Over the past decades, mitochondria have increasingly been understood as a key determinant of cellular health. On the other hand, mitochondrial dysfunction can lead to many degenerative conditions as well as metabolic diseases such as diabetes.

“Historically, most studies on mitochondria were done by isolating them from their normal environment,” said Mootha.

“We wanted to analyse mitochondria in the context of intact cells, which would then give us a picture of how mitochondria relate to their natural surroundings. To do this we created a screening compendium that could then be mined with computation.”

“It’s just like taking your car in for an engine diagnostic,” explains Mootha.

“The mechanic will probe the battery, the exhaust system, the fan belt, etc., and as a result will then produce a read-out for the entire system. That’s analogous to what we’ve done.”

Sources: The Times Of India

Don’t Put Your Coffee in Plastic Cups

The amount of dangerous bisphenol A (BPA) that leaches from plastic bottles into the drinks they contain is most dependent on the liquid’s temperature, according to new research. When both new and used polycarbonate drinking bottles were exposed to boiling hot water, BPA was released 55 times more rapidly.

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BPA an endocrine disruptor which mimics your body’s natural hormones. Hormones serve different functions throughout your body. BPA has been shown to affect reproduction and brain development.

The increased release of BPA continued even after the hot liquid was removed, meaning that even washing plastic cups or bottles in a hot dishwasher could lead to increased BPA content in cold drinks.

Science Daily January 30, 2008


Other Names: Granulated eyelids.

Blepharitis is a common condition that causes inflammation of the eyelids. The condition can be difficult to manage because it tends to recur.It is characterized by inflammation of the eyelid margins. Blepharitis usually causes redness of the eyes and itching and irritation of the eyelids in both eyes. Its appearance is often confused with conjunctivitis and due to its recurring nature it is the most common cause of “recurrent conjunctivitis” in older people. It is also often treated as ‘dry eye‘ by patients due to the gritty sensation it may give the eyes – although lubricating drops do little to improve the condition.



There are two types of Bepharitis:
1.Anterior blepharitis affects the front of the eyelids near the eyelashes. The causes are seborrheic dermatitis (similar to dandruff) and occasional infection by Staphylococcus bacteria and scalp dandruff.

It is a type of external eye inflammation. As with dandruff, it is usually asymptomatic until the disease progresses. As it progresses, the sufferer begins to notice a foreign body sensation, matting of the lashes, and burning. Usually, the primary care physician will prescribe topical antibiotics for staphylococcal blepharitis. Unfortunately this is not an effective treatment.This ailment can sometimes lead to a chalazion or a stye.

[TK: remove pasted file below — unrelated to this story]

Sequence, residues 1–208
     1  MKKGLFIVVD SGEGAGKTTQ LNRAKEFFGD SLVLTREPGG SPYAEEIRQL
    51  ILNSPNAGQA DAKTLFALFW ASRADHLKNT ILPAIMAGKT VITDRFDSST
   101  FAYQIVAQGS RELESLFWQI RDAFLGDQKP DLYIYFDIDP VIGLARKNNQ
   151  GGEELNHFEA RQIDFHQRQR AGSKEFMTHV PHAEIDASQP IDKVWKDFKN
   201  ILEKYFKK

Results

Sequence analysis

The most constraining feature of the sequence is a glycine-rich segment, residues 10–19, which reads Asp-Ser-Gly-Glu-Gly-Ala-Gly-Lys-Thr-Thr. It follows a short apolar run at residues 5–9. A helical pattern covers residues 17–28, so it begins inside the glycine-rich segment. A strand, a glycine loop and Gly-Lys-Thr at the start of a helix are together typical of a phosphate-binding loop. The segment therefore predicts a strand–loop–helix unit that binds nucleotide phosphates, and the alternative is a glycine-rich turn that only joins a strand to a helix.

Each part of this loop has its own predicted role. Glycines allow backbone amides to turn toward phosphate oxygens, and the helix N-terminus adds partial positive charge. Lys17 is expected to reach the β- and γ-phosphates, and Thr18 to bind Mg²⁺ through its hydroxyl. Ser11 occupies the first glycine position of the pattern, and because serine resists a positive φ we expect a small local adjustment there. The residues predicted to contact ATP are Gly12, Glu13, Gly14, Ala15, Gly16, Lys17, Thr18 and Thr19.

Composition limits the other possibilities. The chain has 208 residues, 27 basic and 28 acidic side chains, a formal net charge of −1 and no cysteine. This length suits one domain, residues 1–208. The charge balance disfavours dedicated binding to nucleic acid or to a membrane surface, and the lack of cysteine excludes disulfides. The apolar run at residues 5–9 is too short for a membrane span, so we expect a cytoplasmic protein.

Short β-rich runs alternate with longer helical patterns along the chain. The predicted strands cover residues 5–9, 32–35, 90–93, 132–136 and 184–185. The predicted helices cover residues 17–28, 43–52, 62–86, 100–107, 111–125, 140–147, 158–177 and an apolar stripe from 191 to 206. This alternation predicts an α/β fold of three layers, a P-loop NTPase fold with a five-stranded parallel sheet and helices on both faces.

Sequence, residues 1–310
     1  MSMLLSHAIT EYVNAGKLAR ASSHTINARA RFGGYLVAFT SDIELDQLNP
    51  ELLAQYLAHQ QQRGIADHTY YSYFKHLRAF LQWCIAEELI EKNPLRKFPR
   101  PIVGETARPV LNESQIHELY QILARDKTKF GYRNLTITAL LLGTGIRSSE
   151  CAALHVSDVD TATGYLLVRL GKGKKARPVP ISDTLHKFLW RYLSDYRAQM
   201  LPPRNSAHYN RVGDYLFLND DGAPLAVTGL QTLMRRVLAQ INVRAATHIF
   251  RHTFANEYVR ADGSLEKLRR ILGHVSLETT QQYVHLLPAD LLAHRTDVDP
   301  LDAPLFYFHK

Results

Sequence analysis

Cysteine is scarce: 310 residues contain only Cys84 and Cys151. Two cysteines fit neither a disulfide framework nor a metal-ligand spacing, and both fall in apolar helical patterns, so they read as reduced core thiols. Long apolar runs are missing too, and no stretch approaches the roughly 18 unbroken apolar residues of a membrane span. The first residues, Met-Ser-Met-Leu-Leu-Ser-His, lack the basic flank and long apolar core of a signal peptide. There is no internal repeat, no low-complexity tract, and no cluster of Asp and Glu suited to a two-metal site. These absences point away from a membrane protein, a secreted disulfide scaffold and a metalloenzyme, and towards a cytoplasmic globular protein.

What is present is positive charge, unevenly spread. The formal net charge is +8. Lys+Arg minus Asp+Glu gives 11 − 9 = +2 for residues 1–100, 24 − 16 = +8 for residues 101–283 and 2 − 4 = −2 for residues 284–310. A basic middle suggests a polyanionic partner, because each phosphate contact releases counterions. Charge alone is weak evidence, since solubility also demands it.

2.Posterior blepharitis or Rosacea associated blepharitisaffects the back of the eyelids, the part that makes contact with the eyes. This is caused by the oil glands present in this region. It is by far, the most common type of blepharitis.

Posterior blepharitis affects the inner eyelid (the moist part that makes contact with the eye) and is caused by problems with the oil (meibomian) glands in this part of the eyelid. Two skin disorders can cause this form of blepharitis: acne rosacea, which leads to red and inflamed skin, and scalp dandruff (seborrheic dermatitis).It is the most common type of blepharitis, is usually one part of the spectrum of seborrheic dermatitis seborrhea which involves the scalp, lashes, eyebrows, nasolabial folds and ears. Treatment is best accomplished by a dermatologist.

This most common type of blepharitis is often found in people with a rosacea skin type. The oil glands in the lid (meibomian glands) secrete a modified oil which leads to inflammation at the gland openings which are found at the edge of the lid.

Symptoms of either form of blepharitis include a foreign body or burning sensation, excessive tearing, itching, sensitivity to light (photophobia), red and swollen eyelids, redness of the eye, blurred vision, frothy tears, dry eye, or crusting of the eyelashes on awakening.

Other conditions associated with blepharitis:

Complications from blepharitis include: